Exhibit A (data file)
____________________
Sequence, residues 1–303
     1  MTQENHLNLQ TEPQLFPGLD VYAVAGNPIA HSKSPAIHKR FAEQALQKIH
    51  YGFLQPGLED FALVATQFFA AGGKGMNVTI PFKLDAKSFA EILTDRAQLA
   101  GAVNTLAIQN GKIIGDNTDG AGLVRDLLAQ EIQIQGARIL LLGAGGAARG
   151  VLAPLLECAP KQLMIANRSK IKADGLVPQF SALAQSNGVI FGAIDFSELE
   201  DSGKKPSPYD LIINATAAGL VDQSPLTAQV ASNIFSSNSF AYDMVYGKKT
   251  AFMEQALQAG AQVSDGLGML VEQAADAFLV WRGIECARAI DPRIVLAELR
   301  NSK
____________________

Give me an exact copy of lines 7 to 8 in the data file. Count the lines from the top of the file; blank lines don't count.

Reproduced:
   251  AFMEQALQAG AQVSDGLGML VEQAADAFLV WRGIECARAI DPRIVLAELR
   301  NSK